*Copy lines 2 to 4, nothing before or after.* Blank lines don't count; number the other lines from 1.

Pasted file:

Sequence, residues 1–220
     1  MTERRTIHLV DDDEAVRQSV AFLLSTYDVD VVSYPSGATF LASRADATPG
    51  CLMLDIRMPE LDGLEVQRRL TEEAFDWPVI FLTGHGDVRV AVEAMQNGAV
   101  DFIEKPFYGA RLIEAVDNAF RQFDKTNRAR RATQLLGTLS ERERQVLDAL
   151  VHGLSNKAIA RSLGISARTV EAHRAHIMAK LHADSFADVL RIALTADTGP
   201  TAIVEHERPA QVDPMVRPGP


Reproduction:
     1  MTERRTIHLV DDDEAVRQSV AFLLSTYDVD VVSYPSGATF LASRADATPG
    51  CLMLDIRMPE LDGLEVQRRL TEEAFDWPVI FLTGHGDVRV AVEAMQNGAV
   101  DFIEKPFYGA RLIEAVDNAF RQFDKTNRAR RATQLLGTLS ERERQVLDAL